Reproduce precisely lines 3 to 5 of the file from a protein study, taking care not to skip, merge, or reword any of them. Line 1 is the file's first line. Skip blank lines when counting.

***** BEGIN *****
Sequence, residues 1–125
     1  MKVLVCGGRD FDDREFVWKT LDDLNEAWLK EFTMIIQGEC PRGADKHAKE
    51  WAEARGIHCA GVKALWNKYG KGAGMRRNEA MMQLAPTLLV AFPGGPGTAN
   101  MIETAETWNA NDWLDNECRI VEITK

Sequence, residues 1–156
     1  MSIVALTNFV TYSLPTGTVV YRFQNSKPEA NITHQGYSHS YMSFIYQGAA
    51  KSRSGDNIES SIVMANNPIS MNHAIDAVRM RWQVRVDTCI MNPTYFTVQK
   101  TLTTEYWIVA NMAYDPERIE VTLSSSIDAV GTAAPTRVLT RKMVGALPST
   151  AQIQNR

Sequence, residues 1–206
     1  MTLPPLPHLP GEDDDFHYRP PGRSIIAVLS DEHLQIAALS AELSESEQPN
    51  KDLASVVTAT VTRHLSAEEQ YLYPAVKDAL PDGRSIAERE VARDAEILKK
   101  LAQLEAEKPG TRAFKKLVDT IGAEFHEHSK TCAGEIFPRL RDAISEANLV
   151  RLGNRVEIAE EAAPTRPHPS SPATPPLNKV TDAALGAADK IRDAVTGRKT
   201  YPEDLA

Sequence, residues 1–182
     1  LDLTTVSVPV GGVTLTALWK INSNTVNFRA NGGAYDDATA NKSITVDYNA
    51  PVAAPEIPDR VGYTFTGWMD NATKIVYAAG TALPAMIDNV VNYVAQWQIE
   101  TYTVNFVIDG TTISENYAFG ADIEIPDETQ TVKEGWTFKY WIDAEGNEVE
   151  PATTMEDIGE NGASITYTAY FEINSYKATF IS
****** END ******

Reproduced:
    51  WAEARGIHCA GVKALWNKYG KGAGMRRNEA MMQLAPTLLV AFPGGPGTAN
   101  MIETAETWNA NDWLDNECRI VEITK

Sequence, residues 1–156